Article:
How To Spot Ringworm In Dogs And Cats? Signs, Diagnosis & Treatment

You see the classical circular bald spot on your pet….eek could it be ringworm?

Ringworm in dogs and cats is a highly contagious fungal skin disease of the superficial layers of the skin, hair and nails, that whilst relatively harmless to the pet, can spread to humans, particularly those who are young, old, or immunocompromised (such as when undergoing treatment for cancer).

This common skin infection can also be a particularly frustrating disease to treat especially in breeding or rescue cat populations or pets with long hair coats.

In this article, we will discuss how ringworm on dogs and cats is diagnosed and provide options for treatment and prevention.

ringworm treatment signs and diagnosis

Telltale signs of ringworm are bald circular patches in an animal’s coat. In this instance, on this dog’s head.

What Is A Ringworm Infection?

Why this skin infection is called ringworm is kind of bizarre, as there are no worms involved.

The name occurred due to the ring-like appearance of lesions that show on an infected animal.

Ringworm is a fungal infection caused by a fungus known as dermatophytosis.

There are different species of ringworm, the most common culprit we see we see affecting dogs and cats is Microsporum canis (M.canis).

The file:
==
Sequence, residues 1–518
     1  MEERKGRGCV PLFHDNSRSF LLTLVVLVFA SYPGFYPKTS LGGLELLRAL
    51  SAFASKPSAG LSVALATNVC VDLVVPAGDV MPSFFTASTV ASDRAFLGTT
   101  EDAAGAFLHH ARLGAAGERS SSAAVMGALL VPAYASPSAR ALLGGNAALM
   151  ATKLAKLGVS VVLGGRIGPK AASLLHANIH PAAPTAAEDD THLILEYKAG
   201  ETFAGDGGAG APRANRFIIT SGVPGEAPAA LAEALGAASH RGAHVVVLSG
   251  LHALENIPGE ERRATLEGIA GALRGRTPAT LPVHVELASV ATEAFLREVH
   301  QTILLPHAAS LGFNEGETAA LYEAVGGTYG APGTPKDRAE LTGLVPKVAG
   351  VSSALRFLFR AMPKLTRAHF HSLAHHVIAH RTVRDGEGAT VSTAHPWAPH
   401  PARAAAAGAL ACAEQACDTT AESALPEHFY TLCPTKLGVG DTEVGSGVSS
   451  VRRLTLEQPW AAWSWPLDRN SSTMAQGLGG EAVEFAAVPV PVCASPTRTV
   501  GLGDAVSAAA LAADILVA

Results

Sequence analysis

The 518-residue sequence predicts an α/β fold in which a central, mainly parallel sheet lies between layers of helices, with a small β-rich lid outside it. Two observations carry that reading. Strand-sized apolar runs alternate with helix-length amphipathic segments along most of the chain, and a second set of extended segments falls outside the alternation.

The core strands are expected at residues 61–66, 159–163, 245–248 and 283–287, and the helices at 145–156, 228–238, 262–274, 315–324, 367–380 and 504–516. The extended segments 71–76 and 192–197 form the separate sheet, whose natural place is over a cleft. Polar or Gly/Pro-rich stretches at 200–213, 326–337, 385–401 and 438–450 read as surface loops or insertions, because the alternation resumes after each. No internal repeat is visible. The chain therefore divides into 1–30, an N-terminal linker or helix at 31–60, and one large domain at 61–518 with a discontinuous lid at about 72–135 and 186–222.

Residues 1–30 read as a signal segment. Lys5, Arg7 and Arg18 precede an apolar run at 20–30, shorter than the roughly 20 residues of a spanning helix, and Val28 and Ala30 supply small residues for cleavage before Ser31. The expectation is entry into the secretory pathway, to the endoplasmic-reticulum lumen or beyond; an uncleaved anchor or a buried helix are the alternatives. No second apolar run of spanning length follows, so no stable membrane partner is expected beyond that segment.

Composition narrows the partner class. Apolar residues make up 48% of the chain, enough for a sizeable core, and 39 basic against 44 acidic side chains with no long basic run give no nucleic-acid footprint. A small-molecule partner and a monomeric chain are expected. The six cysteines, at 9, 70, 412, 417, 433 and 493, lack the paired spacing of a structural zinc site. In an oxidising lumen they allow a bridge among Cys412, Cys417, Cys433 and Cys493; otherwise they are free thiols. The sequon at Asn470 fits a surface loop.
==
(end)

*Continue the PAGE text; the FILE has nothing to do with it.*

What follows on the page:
Ringworm infections are frequently seen in cats, dogs, horses and cattle.

The most common species of dermatophytes isolated according to animal species are:

Cats:  Microsporum canis, Trichophyton mentagrophytes, M. gyspeum

Dogs: Microsporum canis

Horses: Trichophyton equinum, Microsporum canis, Trichophyton veruccosum

Cattle: T. veruccosum

Ringworm often occurs in the very young, the very old and the immunocompromised.

Ringworm is not a bacterial infection and the use of antibiotics in its treatment is therefore not indicated.

What Are The Signs Of Ringworm?

Ringworm is often diagnosed by the telltale clinical signs of bald circular patches of hair loss on an animal’s coat.

In this picture, the ringworm lesions are on this dog’s head.

The affected area may be crusty and have scaly skin and broken hairs, but generally, it is not itchy or painful, just unsightly.

Initial ringworm symptoms include an area on the coat with raised hair, this hair can be ‘plucked out’ easily leaving a bald (alopecia) area.

Sometimes these areas of skin are red and inflamed, however, this usually resolves quickly.

Some animals can harbor ringworm and show relatively few signs, effectively being asymptomatic carriers of infection.

This is particularly common in cats and if an infected cat enters a colony it can result in massive contamination of the environment with fungal spores.

How Is Ringworm In Dogs & Cats Diagnosed?

The initial diagnosis of ringworm is not particularly tricky, although the scaly patches can mimic some bacterial infections and parasitic diseases such as Demodex.

It is worthwhile getting a formal diagnosis due to the zoonotic nature (that is, ringworm fungus can be passed on to humans and infect us).

In the case of breeding operations and animal rescue centers (particularly those that house cats), it is absolutely imperative that a formal diagnosis of any suspicious lesion is performed, as this skin disease can result in unmanageable outbreaks, excessive costs, and euthanasia due to its potential to spread to people (zoonosis).

The initial test that most vets will perform is the examination of skin lesions with a special ultraviolet light called a Wood’s Lamp in a dark room.